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The Salem Witch Trials or as they say in France: Le procès des sorcières de Salem Created by Winton Yee of 1D2.

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Presentation on theme: "The Salem Witch Trials or as they say in France: Le procès des sorcières de Salem Created by Winton Yee of 1D2."— Presentation transcript:

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2 The Salem Witch Trials or as they say in France: Le procès des sorcières de Salem Created by Winton Yee of 1D2

3 Before we get started, let me tell you a little back story.

4 The Puritans had just come from England to North America, and had faced many hardships along the way. Their faith had been put to the test, and they needed to be cautious to not fall into the Devil’s hands.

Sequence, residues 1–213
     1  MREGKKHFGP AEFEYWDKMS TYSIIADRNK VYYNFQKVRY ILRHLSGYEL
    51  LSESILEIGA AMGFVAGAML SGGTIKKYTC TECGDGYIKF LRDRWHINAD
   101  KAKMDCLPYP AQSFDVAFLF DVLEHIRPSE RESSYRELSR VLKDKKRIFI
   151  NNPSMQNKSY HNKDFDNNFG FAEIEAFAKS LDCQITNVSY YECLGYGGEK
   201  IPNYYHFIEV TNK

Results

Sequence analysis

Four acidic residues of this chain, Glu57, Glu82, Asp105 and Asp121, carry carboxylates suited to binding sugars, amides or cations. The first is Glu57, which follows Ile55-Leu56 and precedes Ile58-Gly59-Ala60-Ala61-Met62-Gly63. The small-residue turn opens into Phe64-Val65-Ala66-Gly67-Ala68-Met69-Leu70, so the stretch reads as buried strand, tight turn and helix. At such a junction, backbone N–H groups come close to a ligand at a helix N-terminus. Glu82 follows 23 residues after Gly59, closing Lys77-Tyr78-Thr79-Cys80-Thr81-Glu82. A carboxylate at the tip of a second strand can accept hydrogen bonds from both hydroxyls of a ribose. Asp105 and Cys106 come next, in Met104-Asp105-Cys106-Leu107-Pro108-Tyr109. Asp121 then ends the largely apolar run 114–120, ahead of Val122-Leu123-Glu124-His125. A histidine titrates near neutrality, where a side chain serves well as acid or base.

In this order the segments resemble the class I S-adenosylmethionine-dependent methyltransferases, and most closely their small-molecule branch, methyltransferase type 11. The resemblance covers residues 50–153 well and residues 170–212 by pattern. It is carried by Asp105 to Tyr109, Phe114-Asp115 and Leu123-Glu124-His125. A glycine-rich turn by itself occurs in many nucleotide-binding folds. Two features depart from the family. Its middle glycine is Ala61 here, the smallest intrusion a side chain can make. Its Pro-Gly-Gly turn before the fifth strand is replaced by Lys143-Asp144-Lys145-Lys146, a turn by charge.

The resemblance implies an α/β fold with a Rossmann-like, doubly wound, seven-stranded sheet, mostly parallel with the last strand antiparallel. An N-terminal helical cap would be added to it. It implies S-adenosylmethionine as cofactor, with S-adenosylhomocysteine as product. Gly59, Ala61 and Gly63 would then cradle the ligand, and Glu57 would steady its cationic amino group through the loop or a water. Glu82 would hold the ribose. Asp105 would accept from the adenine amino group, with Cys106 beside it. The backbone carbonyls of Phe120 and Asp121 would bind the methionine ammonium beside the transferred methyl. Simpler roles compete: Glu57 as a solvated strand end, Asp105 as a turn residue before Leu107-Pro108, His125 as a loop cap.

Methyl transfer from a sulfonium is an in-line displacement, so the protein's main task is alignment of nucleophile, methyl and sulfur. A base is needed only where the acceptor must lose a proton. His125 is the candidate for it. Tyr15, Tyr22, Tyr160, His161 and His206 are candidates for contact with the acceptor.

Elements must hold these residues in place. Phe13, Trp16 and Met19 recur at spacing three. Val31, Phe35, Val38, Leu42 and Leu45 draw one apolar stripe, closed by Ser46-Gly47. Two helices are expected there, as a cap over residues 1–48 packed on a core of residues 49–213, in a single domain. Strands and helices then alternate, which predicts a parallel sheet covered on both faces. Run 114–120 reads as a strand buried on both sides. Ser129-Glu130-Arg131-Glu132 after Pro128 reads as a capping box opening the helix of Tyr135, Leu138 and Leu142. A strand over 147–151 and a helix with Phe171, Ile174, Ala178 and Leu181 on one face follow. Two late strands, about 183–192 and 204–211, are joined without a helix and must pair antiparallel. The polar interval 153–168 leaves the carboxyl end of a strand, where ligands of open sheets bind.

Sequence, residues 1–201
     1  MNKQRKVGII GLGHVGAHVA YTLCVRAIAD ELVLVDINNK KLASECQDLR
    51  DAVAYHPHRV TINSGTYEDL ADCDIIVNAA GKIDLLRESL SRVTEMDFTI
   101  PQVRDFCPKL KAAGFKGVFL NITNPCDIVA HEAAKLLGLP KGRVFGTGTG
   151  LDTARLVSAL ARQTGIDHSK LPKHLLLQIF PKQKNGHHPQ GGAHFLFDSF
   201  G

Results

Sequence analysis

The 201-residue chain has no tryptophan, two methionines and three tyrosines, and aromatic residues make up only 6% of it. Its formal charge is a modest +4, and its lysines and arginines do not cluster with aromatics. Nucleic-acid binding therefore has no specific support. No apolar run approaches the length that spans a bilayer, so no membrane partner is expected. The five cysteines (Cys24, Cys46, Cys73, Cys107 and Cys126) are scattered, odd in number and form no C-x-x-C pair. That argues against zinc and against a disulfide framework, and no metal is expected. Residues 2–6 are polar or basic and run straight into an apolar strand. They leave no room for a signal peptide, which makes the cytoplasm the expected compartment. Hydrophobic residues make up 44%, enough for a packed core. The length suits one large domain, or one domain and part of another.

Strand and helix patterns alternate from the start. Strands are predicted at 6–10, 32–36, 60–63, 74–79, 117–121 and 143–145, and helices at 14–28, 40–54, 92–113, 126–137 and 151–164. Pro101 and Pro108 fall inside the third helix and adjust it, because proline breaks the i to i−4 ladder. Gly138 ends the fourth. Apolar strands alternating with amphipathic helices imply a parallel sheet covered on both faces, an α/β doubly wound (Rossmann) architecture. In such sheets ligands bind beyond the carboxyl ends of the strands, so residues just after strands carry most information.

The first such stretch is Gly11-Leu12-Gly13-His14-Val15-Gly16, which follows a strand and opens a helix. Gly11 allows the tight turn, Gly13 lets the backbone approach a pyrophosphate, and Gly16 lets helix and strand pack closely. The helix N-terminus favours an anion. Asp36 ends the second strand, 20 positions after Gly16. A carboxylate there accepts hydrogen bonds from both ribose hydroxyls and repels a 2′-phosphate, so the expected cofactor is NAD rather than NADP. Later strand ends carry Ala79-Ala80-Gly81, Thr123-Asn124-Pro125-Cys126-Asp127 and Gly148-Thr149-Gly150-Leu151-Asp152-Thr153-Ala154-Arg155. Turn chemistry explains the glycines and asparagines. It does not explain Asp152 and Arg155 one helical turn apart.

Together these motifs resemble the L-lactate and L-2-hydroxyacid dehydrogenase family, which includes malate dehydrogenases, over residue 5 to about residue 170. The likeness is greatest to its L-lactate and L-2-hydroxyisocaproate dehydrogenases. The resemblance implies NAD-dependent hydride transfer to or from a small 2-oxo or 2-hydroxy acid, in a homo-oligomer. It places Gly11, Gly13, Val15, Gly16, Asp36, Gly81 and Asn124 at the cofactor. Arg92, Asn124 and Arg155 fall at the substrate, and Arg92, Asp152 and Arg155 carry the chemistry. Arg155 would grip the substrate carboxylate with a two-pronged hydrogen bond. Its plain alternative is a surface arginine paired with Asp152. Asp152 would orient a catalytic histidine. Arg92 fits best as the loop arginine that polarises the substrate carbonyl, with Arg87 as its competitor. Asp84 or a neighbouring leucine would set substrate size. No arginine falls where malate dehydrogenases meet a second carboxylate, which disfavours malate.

5 There was much arguing going on in the town of Salem, Massachusetts, and many suspected it was the work of the Devil.

6 In the January of 1692, something strange happened that no one could explain.

7 Two young girls, Betty and Abigail Williams, who were the daughter and niece of the village minister, began to act unusually, having seizures, screaming nonsense, and going into trance-like states.

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9 Doctors sent to examine the children could find nothing wrong with them physically, so they suggested another explanation…

10 A genie? Doctors sent to examine the children could find nothing wrong with them physically, so they suggested another explanation…

11 A genie? No… Doctors sent to examine the children could find nothing wrong with them physically, so they suggested another explanation…

12 witchcraft

13 People in Salem accepted this diagnosis, and said...

14 WELL, OBVIOUSLY, WE HAVE A WITCH IN SALEM

15 Another girl, Ann Putnam, began experiencing the same “symptoms” as the other girls.